Smart Farm Australia

(l-r): Vegetable grower Lindsay Ziser and Hort Innovation’s Jane Wightman at the announcement of the Gatton Smart Farm

A ‘smart farm’ will be used to showcase the latest innovations in ag-tech to Australian growers.

Announced today (24 November), the A$9m Gatton Smart Farm will comprise a ‘hub’ in Queensland and a series of satellite farms, where equipment that suits various crops or regional needs will be trialled.

Being delivered through Hort Innovation and led by the Queensland Department of Agriculture and Fisheries (DAF),the facility will help growers better manage plant growth and production, improve supply chain efficiency and customer satisfaction.

“Horticulture is the fastest-growing agricultural sector in Australia – with a 27 per cent hike in value over the past five years to A$15.1bn, and our modelling shows that figure could double by 2030,” said Jane Wightman, Hort Innovation’s head of extension.

Wightman said technology adoption will be key to keeping pace with this rapid growth, however, that can prove a challenge.

“It can be difficult to navigate the digital agricultural marketplace and to know where to invest,” she said. “The Gatton Smart Farm will help growers to ‘de-risk’ ag-tech, by enabling them to select and experience the latest technologies firsthand and understand the costs and benefits of adoption.”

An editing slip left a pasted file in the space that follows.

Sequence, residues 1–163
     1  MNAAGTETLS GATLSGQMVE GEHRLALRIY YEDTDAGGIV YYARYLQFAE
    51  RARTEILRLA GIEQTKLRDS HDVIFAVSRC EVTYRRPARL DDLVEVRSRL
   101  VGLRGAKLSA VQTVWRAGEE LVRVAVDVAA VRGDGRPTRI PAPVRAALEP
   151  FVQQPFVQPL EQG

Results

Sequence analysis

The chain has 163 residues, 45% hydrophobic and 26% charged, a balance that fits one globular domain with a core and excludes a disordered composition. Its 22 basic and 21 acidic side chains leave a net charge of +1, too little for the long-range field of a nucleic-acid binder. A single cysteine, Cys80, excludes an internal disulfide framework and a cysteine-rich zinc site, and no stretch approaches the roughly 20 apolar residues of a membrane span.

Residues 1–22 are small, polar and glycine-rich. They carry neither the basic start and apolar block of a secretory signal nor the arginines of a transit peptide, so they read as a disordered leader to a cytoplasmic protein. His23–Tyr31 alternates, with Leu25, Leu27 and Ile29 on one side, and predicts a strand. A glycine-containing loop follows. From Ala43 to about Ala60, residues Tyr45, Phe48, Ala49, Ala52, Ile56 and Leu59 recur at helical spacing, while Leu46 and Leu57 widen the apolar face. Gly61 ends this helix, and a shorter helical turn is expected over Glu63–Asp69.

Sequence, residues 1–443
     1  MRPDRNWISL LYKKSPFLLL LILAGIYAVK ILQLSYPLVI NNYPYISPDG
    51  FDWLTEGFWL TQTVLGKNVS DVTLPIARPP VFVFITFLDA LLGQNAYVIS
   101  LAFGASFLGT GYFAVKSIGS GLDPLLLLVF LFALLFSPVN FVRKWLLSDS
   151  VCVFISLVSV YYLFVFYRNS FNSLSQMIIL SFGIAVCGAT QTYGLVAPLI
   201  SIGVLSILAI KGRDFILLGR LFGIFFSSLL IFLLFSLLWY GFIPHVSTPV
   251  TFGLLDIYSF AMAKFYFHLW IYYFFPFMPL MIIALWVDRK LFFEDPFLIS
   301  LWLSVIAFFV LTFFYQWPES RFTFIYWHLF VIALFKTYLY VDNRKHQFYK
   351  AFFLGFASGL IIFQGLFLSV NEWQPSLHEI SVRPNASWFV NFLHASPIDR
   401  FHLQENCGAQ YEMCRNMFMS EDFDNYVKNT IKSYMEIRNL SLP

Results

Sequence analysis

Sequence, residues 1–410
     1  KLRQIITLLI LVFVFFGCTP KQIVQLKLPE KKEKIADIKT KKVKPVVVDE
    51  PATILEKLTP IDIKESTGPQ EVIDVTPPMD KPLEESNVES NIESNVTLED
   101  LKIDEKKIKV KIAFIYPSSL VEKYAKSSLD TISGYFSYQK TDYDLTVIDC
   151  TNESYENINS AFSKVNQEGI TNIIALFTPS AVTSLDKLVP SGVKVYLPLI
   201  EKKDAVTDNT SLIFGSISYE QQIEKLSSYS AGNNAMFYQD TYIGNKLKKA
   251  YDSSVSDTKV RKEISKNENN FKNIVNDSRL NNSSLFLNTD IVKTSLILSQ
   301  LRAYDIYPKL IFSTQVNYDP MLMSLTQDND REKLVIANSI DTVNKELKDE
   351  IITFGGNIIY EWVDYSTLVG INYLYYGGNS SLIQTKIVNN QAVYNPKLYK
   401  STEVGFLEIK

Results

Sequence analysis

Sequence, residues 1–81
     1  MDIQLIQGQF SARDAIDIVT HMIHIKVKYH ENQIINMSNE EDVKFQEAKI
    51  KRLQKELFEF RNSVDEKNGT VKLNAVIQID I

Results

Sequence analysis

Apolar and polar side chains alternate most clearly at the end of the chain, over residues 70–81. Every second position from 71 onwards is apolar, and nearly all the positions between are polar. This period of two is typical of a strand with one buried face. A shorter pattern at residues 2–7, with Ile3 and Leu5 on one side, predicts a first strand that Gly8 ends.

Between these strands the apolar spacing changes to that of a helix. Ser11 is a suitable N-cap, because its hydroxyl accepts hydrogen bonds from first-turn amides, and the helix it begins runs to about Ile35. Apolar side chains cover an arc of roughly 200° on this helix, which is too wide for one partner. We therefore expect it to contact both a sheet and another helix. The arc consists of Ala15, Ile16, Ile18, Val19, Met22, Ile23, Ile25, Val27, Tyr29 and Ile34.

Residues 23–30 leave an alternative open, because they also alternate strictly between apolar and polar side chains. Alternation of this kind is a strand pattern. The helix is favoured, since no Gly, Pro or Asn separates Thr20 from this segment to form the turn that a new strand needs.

Automation, field-based sensors, weather station networks, protected cropping and supply chain tools are just some of the technologies that will be trialled at the Gatton Smart Farm.

Growers will be able to advise technology experts and researchers what they want to try on farm, then see the solutions in action through field days and interactive webcasts.

All research outcomes will be shared nationally through Hort Innovation’s regional extension team. Supporting partners in the initiative are Agerris, Cravo, Priva, Rijk Zwaan, Lefroy Valley Seeds, Powerplants, AIS Greenworks, Hitachi Vantara, Ausveg, and the Australian Sweetpotato Growers.